Start of cicada invasion
  |  First Published: November 2003

I RECENTLY reported the disturbing taking of large numbers of bass from the pools below the Clarrie Hall Dam spillway. The local council acted quickly to halt vandalism of the facilities, and to stop greedy anglers exploiting trapped fish, by installing gates that are locked at night.

The water flowing over the spillway stopped at the beginning of October and the pools below were soon starved of oxygen. Calls to key members of the Australian Bass Association sparked a quick reaction. They arrived the following day to see around 300 dead or dying fish. With a NSW Fisheries permit they were able to catch another 800 fish, which were liberated back into the dam. The efforts of council workers at the dam were outstanding and in a short time they installed a siphon to continue flow into the bass-laden pools. It highlights the tireless work that dedicated anglers are willing to put in for the betterment of fishing.


This month the water will start to warm and we can look forward to the start of the cicada invasion. Bass love cicadas and nothing gets them spilling out of the trees quicker than the strong northerly winds of November. This is the beginning of the surface fishing season at the dam so anywhere that has good weed growth and timber should be a prime location. If you’ve never caught a fish on a surface lure, the dam and surrounding creeks are the places to be this month.

Many types of lures work well there. Fizzers are right up there, as are small poppers. The key to success is to cast to likely-looking cover, mostly around the edges of the dam, and use a slow retrieve with short jerks of the rod tip, followed by a pause. If the bass misses, and they often do, a repeat cast to the same spot may be rewarded with a hook-up.

I cannot emphasise the importance of a slow retrieve. If I spot a fish rise and I can get a cast to where it has been, I will move the rod tip only enough to create a little movement, keeping the lure in the strike zone longer. If the fish is close by it won’t take much to get it to strike.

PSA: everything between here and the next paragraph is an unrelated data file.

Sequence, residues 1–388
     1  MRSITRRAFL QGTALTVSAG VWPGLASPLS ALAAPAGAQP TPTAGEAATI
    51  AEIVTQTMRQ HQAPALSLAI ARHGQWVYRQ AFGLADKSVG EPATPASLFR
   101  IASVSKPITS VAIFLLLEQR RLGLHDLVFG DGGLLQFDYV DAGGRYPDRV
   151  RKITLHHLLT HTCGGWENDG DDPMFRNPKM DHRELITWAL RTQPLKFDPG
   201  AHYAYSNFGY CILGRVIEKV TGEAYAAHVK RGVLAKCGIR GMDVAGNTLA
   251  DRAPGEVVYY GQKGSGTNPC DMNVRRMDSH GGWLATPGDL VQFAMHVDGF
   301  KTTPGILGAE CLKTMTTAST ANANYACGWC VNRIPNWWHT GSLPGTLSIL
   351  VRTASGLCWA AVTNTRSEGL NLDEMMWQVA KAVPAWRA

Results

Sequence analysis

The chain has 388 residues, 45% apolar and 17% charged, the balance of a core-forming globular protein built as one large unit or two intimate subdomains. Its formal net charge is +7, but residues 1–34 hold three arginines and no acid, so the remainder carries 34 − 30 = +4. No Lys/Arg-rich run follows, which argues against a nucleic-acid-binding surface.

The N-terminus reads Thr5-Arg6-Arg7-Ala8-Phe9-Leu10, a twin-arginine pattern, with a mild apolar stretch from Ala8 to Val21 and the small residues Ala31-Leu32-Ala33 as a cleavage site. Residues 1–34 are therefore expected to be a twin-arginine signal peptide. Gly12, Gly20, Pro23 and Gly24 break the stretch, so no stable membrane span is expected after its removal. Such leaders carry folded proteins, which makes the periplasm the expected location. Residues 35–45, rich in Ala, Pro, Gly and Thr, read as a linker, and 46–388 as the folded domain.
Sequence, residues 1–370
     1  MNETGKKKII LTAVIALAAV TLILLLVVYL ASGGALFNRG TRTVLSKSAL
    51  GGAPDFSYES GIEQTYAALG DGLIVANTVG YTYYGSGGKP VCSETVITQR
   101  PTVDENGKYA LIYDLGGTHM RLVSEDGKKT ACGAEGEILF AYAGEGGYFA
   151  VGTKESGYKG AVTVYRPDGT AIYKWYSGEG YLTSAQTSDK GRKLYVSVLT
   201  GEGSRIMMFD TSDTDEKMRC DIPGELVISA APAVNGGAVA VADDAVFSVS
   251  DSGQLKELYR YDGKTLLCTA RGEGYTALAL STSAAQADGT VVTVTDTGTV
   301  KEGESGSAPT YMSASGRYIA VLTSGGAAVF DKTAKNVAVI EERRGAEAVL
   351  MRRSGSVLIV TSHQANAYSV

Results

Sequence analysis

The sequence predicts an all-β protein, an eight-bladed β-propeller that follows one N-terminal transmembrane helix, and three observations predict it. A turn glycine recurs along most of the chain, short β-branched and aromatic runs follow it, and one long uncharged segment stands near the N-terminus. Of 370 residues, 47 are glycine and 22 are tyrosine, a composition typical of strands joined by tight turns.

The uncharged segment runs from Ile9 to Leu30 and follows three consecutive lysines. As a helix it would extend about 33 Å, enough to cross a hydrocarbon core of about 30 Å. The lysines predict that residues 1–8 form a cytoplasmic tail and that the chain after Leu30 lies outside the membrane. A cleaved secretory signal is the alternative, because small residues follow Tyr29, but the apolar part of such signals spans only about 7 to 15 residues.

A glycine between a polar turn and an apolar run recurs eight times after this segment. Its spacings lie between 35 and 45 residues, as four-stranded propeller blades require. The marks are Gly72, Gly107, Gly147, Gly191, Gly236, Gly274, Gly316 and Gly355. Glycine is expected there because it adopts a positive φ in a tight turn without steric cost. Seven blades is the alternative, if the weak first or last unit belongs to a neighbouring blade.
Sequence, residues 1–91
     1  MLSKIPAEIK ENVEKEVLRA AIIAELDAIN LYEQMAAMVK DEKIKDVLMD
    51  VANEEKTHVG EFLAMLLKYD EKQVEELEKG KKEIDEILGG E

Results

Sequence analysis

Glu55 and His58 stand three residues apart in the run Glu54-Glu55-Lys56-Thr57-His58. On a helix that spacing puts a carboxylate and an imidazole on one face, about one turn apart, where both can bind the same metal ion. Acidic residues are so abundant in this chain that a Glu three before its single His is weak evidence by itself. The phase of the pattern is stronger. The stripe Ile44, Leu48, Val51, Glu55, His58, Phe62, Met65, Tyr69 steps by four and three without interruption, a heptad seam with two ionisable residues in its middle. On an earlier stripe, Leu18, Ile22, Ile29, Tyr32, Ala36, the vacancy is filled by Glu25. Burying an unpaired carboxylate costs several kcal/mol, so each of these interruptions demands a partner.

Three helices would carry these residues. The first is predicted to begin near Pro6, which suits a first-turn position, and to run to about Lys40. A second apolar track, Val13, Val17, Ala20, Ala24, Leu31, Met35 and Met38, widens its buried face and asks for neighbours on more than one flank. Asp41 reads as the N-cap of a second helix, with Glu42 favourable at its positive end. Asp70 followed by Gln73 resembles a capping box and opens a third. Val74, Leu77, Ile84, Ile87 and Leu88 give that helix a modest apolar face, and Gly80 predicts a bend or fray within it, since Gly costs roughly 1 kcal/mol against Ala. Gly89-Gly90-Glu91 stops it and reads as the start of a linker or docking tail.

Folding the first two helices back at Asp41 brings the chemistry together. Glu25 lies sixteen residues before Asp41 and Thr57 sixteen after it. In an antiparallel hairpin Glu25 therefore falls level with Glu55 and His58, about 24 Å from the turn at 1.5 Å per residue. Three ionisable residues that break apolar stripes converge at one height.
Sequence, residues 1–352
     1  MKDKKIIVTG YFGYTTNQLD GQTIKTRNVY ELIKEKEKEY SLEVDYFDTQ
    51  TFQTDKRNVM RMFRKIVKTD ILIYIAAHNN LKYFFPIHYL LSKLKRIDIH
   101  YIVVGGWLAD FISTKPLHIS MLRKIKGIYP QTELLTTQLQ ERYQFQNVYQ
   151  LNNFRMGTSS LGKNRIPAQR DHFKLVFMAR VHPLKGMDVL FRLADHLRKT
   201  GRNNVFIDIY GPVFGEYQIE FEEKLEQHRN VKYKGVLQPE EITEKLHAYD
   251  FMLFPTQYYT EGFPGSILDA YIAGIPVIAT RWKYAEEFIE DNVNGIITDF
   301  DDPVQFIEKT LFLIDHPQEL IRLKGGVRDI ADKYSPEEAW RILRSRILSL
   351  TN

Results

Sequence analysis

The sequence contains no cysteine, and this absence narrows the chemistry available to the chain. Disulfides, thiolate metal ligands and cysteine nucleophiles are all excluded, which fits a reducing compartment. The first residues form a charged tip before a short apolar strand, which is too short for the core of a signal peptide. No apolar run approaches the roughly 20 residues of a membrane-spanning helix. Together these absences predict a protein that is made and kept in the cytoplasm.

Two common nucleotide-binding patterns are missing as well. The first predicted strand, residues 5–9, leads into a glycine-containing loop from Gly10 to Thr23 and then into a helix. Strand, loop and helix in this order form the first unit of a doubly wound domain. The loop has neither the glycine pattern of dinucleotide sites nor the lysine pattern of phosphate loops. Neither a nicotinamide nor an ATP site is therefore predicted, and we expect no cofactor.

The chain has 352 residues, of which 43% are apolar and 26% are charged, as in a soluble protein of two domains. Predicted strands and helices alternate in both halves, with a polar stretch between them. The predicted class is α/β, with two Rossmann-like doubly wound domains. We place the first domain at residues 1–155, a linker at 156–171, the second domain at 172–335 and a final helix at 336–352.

The best times to fish the surface are early and late in the day but the dam has had days this year when the fish have been on the surface almost all the time. If I fish the dam I always have a rod rigged for the surface just in case.

The other area that has provided a lot of fun has been the top end, where there is a great deal of tangled weed. A weedless-rigged soft plastic is dynamite where no other lure can be cast – into clearings among the masses of weed. Bass lurk in the openings and the bait is silhouetted against the sky, and the hook-ups are dynamite and the fish are usually of better quality. Getting them out is a different matter, depending on how far back into the weed you cast. The only tip I can give is to go as hard as you possibly can until they come out or are caught up in the weed, in which case I go in after them.

The other lures that will produce fish this month are spinnerbaits and beetlespins rigged with a jighead and soft tail. I have found over the years that a spinnerbait slow rolled from the bank so that it drops into deeper water produces the best results. The small beetlespins are great. You can change the size of the jig and tail to suit the depth or descent rate. Fished around the edges of heavy weed, they are the best method for this time of year, especially in the middle of the day.

Those who search out fish in canoes will have fun next month. The bass become aggressive on poppers, small spinnerbaits and soft plastics in the heads of pools, along weed-lined shores or beneath overhanging trees that provide cover and shade. The rocky areas and fallen timber also produce good fish. I have spent hours throwing lures at just such locations, only to find the fish congregated in one particular spot.

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